Unemployment Rate Declines. Will Economy Help Biden?
Written by R. Cort Kirkwood
Initial unemployment claims declined 7 percent — from the previous week’s figure of 1.413 million — to 1.314 million for the week ending July 4, meaning the Department of Labor’s total unemployment claims since March 1 is more than 50 million — 15.2 percent of the American population.
Yet the unemployment rate for the week ending June 27 dropped slightly to 12.4 percent.
The continued unemployment-rate declines mean the economy is recovering, albeit slowly, from the crushing blow the coronavirus and the ensuing lockdowns delivered beginning in March when the surge of unemployment claims began.
The question: Will the economy, combined with the Black Lives Matters riots, give Democrat presidential candidate Joe Biden a victory in November.
As of the week ending July 4, the department reported, 50.46 million Americans had filed for unemployment since March 1, when a tsunami of claims surged to 6.867 million in the two weeks between March 7 and March 28.
Claims jumped a mind-boggling 3,154 percent.
Since then, they’ve steadily dropped, and now are about 20 percent of what they were when they peaked after the Pandemic Panic that walloped a thriving jobs market and surging stock market.
Initial Unemployment Claims by Week
March 7 — 211
March 14 — 282
March 21 — 3,307
March 28 — 6,867
April 4 — 6,615
April 11 — 5,237
April 18 — 4,442
April 25 — 3,846
May 2 — 3,176
May 9 — 2,687
May 16 — 2,446
May 23 — 2,126
May 30 — 1,897
June 6 — 1,566
June 13 — 1,540
June 20 — 1,482
June 27 — 1,413
July 4 — 1,314
Total: 50.46 million
Across the States
For the week ending June 20, Michigan and Indiana reported the largest increase in initial claims from the previous week by far, with Texas, Virginia, and Kentucky as also-rans.
Oklahoma enjoyed the largest decrease in new initial claims by far, followed by Florida, Maryland, Georgia, and California.
Total unemployed for the week ending June 27, was about 18 million, a drop of 698,000 from the previous week’s 18.76 million.
Unemployment for the week was 12.4 percent, yet another decline from the previous week’s 12.9 percent.
The states with the highest unemployment rates for the week ending June 20 did not change, but all except but three — Puerto Rico, California, and Louisiana — enjoyed an unemployment-rate decrease.
States with the highest unemployment rates included Puerto Rico, 25.4 percent; Nevada, 20.8 percent; Hawaii, 20.7; The Virgin Islands, 17.5; New York, 17.1; California, 16.7; Louisiana, 16.2; Massachusetts, 15.6; Georgia, 15.1; and Connecticut, 15.
Biden’s Lead Unchanged
Whether those numbers help Joe Biden, the Democrat presidential nominee, remains to be seen. Biden’s lead on Trump in the Real Clear Politics polling average has not improved since last week and remains at 8.8 points. Biden leads in five key battleground states: Arizona, Florida, North Carolina, Pennsylvania, and Wisconsin. RCP predicts a 222-125 Biden victory in the electoral college.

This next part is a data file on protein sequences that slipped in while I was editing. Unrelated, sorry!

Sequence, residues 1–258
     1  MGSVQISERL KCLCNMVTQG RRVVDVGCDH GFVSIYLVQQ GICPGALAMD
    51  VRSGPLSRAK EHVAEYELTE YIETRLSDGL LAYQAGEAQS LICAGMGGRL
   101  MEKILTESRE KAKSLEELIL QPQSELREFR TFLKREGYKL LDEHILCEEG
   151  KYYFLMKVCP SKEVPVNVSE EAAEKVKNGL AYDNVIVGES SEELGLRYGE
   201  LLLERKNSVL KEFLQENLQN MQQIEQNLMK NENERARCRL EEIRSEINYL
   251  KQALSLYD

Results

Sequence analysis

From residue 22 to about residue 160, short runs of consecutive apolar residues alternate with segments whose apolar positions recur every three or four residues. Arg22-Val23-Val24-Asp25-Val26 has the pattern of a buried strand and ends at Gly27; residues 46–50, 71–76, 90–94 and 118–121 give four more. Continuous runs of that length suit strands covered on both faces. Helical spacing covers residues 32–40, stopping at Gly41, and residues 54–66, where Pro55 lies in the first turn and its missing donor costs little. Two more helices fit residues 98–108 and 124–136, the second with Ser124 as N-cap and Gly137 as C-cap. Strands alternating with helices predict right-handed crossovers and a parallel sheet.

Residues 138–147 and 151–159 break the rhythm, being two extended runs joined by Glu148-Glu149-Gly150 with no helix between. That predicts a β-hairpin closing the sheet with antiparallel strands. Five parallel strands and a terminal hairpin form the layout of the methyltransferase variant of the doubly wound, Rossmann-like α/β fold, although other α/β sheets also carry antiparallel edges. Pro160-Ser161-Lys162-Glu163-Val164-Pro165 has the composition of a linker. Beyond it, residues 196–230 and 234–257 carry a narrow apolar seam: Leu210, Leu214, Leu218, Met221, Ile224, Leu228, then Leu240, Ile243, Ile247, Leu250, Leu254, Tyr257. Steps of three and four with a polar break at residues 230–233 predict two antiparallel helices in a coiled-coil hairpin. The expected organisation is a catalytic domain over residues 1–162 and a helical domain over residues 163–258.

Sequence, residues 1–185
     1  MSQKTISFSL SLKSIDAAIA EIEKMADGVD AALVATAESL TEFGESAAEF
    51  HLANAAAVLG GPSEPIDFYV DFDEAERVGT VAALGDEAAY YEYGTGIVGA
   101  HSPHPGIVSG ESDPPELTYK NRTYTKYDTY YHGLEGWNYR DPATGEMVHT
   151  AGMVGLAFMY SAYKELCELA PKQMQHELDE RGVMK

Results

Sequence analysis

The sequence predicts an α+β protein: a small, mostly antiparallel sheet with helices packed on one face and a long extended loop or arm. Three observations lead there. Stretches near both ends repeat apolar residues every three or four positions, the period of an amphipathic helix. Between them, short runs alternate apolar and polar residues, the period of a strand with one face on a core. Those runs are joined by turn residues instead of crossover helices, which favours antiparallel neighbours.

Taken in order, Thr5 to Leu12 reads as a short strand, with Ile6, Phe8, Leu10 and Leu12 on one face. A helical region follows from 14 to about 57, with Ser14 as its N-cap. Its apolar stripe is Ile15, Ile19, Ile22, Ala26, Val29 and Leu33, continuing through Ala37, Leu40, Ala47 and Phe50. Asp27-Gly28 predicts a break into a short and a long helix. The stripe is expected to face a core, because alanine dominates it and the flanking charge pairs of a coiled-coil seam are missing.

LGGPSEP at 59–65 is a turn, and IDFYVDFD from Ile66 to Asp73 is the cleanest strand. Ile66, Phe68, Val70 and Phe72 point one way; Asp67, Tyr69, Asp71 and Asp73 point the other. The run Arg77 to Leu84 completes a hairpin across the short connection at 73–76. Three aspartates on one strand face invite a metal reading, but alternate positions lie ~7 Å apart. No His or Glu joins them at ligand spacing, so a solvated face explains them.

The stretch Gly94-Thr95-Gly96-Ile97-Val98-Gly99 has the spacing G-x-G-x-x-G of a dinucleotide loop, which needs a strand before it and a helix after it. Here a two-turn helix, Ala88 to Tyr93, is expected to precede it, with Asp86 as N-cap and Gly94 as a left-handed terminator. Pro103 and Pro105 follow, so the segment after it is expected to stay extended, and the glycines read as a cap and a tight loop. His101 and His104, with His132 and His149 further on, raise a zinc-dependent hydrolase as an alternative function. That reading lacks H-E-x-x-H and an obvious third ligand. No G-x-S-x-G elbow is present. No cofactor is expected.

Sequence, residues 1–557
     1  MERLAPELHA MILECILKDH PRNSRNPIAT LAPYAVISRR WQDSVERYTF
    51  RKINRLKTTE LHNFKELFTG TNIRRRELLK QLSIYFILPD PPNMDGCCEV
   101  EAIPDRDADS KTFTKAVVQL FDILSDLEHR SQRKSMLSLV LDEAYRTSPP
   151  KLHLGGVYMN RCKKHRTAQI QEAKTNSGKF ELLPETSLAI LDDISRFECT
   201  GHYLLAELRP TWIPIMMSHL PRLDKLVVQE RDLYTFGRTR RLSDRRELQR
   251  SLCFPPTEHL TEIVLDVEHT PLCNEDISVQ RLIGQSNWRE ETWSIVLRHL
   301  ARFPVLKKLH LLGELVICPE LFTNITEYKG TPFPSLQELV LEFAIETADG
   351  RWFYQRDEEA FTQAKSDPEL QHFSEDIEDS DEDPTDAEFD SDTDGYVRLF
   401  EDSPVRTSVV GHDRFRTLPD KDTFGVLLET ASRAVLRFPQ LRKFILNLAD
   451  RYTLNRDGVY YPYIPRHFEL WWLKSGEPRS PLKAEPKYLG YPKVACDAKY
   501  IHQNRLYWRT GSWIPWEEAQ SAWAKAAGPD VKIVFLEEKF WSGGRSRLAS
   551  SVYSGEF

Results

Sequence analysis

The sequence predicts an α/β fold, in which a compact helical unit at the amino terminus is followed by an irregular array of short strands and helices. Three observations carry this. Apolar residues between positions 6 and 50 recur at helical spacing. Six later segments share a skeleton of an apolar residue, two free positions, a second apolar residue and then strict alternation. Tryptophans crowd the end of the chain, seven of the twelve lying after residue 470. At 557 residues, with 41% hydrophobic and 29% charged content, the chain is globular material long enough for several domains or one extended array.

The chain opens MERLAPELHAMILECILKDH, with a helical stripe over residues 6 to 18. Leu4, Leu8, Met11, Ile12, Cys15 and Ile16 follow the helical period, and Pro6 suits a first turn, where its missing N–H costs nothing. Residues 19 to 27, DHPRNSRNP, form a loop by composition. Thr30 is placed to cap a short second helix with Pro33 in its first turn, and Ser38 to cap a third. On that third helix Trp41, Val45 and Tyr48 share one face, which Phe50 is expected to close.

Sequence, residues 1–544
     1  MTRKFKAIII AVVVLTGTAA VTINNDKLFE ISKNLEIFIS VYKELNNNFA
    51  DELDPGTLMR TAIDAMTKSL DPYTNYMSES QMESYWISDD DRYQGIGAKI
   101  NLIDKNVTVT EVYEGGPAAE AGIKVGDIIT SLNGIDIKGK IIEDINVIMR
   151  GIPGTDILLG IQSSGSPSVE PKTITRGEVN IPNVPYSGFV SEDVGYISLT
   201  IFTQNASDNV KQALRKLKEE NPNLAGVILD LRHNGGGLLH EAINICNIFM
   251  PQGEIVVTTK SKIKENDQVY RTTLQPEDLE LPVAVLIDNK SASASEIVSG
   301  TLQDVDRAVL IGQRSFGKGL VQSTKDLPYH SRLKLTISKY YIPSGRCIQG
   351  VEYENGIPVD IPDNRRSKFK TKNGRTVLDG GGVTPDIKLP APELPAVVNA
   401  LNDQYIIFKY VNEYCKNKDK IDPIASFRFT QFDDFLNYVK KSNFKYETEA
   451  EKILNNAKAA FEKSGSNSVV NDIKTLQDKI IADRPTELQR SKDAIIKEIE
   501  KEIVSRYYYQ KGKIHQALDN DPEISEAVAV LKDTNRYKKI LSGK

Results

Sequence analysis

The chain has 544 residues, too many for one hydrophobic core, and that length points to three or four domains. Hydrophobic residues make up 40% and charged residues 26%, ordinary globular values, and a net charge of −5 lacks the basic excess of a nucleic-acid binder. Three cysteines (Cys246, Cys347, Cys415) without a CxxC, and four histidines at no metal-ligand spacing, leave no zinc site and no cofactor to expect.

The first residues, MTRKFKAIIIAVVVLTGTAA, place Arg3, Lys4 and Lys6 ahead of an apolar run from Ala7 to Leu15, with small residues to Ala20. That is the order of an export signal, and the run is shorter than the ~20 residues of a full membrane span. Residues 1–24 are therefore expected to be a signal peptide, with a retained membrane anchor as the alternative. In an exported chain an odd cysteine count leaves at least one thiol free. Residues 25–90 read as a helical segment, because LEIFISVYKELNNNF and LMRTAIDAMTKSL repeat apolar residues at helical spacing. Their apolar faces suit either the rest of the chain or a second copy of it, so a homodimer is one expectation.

Yet the polls shouldn’t be taken at face value since voters often vote with the economy, yet Biden led Trump in the polls even as the economy peaked in February before the coronavirus and ensuing lockdowns blew a hole in it.
For instance, the market reached a record high on February 12 of 29,551.42, yet Biden still defeated Trump in every poll during that time except one: an Emerson survey that put Trump 4.4 points ahead.
The Dow Jones Industrial dipped below 20,000, but now has recovered more than half the 10,000 points it lost during the panic. It sits at about 26,000. That’s just 12 percent below the February peak.
As well, Biden was ahead in the polls when the unemployment rate was hovering around a very low 3.6 percent for more than a year and was the lowest in more than half a century, well before the unemployment rate exceeded 14.7 percent in April.
Now, total unemployment claims and the jobless rate are dropping steadily.
In other words, no matter what Trump does, no matter how the economy performs, nothing changes: Biden stays ahead in the polls.
Thus, what happens in the streets might well determine the election. Arson, looting, attacks on cops, and toppling statues aren’t likely help Biden, as a recent Trump campaign advertisement shows: “You won’t be safe in Joe Biden’s America.”
Biden’s 8.8-point lead today is no guarantee of victory, warned failed Democrat candidate Michael Dukakis, also clobbered with a law-and-order campaign ad from opponent George H.W. Bush. “Particularly this year, [polls] should be studied cautiously,” Dukakis told the Boston Globe. “Biden can and should win, but being at 50, no matter how weak your opponent is, is no guarantee of success.”
In July 1988, a Newsweek-Gallup poll gave Dukaki a whopping 17-point lead, 55-38, over Bush. But Bush crushed him 426-111 in the Electoral College. Dukakis won just 10 states, plus Washington, D.C. and 45.6 percent of the popular vote.
Courtesy of The New American